Flintlastic Roofing: A Detailed Review

You’re probably here because you’re considering Flintlastic roofing for your home or commercial property, right? We’re here to help you make an informed decision.

In this comprehensive review, we’ll take an in-depth look at Flintlastic roofing, weighing up the pros and cons, answering some frequently asked questions, and ultimately helping you decide if this roofing option is right for you.

What is Flintlastic Roofing?

Let’s kick things off by answering the big question – what is Flintlastic roofing? Essentially, Flintlastic is a type of modified bitumen roofing. Known for its durability and versatility, it’s a popular choice for low-slope and flat roofs.

Flintlastic roofing comes in two types: SA (self-adhering) and NA (nailed down and coated). The SA type is sometimes referred to as “peel and stick.” It’s waterproof, durable, and easy to install, making it a common choice for both DIY homeowners and professional roofers.

The Pros of Flintlastic Roofing

Flintlastic Roofing

One of the biggest advantages of Flintlastic roofing is its durability.

These roofs are designed to withstand harsh weather conditions, including heavy rains, strong winds, and snow.

They also offer excellent UV resistance, reducing the risk of degradation from sun exposure.

Secondly, Flintlastic roofing is relatively easy to install. With the SA type, you just peel and stick, literally.

This ease of installation can potentially save on labor costs, making Flintlastic an affordable choice.

Finally, the versatility of Flintlastic roofing is another significant benefit. Available in various colors and styles, it can be tailored to match the aesthetic of almost any property.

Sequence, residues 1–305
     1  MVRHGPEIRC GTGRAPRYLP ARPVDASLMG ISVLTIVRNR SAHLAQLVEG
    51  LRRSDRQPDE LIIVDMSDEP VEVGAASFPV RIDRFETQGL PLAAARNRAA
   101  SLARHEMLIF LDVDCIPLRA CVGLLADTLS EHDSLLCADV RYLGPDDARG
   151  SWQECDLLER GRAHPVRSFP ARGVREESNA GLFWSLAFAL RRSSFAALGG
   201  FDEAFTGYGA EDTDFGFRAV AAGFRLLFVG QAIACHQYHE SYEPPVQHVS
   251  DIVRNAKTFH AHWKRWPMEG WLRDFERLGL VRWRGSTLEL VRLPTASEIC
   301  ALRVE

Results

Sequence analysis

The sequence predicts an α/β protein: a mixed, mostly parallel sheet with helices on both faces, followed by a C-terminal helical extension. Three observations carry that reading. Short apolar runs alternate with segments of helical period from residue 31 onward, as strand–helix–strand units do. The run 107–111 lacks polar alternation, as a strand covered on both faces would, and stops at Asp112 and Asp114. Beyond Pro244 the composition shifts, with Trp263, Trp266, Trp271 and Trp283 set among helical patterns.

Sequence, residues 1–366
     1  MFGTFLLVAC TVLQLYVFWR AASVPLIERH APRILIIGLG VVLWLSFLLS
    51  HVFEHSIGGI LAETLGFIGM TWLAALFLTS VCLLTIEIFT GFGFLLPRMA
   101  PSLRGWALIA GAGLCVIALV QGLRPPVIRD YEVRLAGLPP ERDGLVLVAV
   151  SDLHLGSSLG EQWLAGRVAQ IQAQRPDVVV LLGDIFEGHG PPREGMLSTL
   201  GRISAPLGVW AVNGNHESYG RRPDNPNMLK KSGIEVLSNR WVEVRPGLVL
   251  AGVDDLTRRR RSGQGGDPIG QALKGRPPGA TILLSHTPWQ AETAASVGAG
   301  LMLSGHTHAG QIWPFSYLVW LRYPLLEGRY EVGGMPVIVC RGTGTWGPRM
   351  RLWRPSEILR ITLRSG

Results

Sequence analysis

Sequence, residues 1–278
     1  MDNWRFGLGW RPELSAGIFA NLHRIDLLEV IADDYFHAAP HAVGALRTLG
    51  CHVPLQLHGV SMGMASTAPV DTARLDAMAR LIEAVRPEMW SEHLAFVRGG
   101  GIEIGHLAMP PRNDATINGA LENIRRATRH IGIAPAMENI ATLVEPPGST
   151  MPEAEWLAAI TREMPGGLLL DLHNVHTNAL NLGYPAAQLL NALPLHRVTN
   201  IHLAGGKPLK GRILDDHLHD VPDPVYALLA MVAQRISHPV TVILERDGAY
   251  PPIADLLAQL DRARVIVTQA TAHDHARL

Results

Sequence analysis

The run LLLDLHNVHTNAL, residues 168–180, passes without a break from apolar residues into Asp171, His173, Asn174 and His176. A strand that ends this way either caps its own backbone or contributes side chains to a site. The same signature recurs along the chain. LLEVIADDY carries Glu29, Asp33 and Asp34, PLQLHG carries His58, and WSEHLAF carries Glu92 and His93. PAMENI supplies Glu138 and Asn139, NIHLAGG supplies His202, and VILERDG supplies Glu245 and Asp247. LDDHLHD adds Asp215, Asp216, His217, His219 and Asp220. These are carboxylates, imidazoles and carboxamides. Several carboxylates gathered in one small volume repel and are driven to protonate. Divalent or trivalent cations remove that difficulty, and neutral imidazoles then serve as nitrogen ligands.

Also Read: Is LeafProof Gutter Guard Worth It?

The Cons of Flintlastic Roofing

Now, let’s talk about the cons. One of the biggest downsides of Flintlastic roofing is its lifespan. While it’s highly durable, it’s not as long-lasting as some other roofing options.

Another con is the temperature sensitivity of Flintlastic roofing. Installation needs to be carried out at the right temperature, usually above 45°F. If it’s too cold, the self-adhesive won’t stick properly, which can lead to problems down the line.

Lastly, Flintlastic roofing is not suitable for all roof types. If you have a steeply pitched roof, this might not be the best option for you.

But if you still love it, here is a nice installation video for you.

Flintlastic Roofing Versus its Competitors

To better understand the worthiness of Flintlastic roofing, let’s pit it against some of its main competitors. In the realm of low-slope and flat roofing systems, the closest competitors would be PVC, EPDM, and TPO roofing.

Each of these systems has its unique strengths and drawbacks, so let’s dive in and compare them to Flintlastic roofing.

  • Flintlastic Roofing Vs. PVC Roofing

PVC (polyvinyl chloride) roofing is renowned for its durability and longevity, with a typical lifespan of up to 30 years. It’s highly resistant to fire, chemicals, and water – attributes that Flintlastic also boasts. However, PVC tends to be more expensive due to its superior lifespan and strength. So, while Flintlastic may not last as long, it could be a more budget-friendly option.